Reflection requires time and space to pause and think, and it is in those reflective moments that we may notice something or have an insight that can lead to broader, systemic change. If our environments prioritize immediate problem-solving without making room for reflection, we can miss these insights. This article describes research from Harvard Business School on the behavior of nurses in hospitals that has parallels to schools and the demands placed on teachers.
When problem-solving is a problem
By: Harvard Gazette
Educator-prep | K-12 educators
Principled Innovation asks us to work with others and recognize the limits of our own knowledge so that we can better understand and tackle the complex issues our communities face.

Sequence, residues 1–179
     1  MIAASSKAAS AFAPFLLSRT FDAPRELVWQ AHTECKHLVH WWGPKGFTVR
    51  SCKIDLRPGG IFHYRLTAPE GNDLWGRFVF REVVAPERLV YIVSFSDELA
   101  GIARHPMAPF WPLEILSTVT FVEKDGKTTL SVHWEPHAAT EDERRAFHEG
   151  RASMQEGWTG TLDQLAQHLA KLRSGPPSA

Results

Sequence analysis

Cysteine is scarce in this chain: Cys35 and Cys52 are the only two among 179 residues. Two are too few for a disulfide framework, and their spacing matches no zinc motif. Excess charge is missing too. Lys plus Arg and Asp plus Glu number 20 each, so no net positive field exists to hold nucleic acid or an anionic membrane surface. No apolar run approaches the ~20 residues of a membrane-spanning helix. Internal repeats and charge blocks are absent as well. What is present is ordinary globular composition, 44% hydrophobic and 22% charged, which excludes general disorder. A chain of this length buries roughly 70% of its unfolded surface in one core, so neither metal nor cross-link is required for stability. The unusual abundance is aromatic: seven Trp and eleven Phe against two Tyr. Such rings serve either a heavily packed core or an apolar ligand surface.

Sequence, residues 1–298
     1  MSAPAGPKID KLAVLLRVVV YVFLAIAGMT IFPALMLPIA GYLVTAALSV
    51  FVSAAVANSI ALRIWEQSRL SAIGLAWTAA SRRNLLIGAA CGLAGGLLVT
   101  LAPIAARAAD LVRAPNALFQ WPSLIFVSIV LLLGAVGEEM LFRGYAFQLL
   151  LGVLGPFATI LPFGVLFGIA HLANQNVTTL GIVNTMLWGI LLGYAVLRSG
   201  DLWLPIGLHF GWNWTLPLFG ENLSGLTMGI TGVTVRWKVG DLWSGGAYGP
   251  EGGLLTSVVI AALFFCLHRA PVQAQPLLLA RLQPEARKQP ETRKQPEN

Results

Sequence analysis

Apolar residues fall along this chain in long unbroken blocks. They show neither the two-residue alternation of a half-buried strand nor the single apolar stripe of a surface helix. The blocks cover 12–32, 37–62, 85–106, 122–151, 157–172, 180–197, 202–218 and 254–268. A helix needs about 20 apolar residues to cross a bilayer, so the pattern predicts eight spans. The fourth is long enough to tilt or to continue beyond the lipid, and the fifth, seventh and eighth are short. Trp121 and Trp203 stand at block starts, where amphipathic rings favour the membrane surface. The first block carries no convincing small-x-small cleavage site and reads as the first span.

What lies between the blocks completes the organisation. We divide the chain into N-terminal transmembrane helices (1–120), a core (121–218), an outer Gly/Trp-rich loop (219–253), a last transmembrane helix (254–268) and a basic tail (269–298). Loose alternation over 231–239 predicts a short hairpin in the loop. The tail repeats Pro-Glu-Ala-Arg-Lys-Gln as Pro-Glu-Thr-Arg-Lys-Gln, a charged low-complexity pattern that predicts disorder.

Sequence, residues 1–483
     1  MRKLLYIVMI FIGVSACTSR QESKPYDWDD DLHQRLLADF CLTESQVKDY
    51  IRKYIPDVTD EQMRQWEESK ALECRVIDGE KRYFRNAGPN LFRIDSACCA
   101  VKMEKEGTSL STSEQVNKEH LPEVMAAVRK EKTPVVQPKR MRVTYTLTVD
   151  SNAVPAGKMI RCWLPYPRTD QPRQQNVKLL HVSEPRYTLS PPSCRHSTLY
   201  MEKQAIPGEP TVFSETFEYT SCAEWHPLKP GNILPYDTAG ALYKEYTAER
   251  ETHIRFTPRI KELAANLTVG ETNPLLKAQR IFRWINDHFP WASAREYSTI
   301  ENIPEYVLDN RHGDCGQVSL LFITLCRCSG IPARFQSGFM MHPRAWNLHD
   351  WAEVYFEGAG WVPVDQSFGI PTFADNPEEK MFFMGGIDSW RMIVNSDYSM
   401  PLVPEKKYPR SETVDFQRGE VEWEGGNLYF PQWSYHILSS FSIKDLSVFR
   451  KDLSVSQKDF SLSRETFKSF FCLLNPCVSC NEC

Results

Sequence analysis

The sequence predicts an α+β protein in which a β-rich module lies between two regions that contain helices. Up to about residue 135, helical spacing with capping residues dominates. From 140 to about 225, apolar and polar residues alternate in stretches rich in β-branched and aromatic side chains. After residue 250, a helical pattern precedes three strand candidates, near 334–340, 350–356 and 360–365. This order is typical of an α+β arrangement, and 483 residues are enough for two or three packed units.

By: John Templeton Foundation
Designed for engagement
Seven practices for active listening
By: Greater Good Science Center
A framework for ethical decision-making
By: Markkula Center for Applied Ethics, Santa Clara University
Critical reflection in practice
By: Australian Children's Education & Care Quality Authority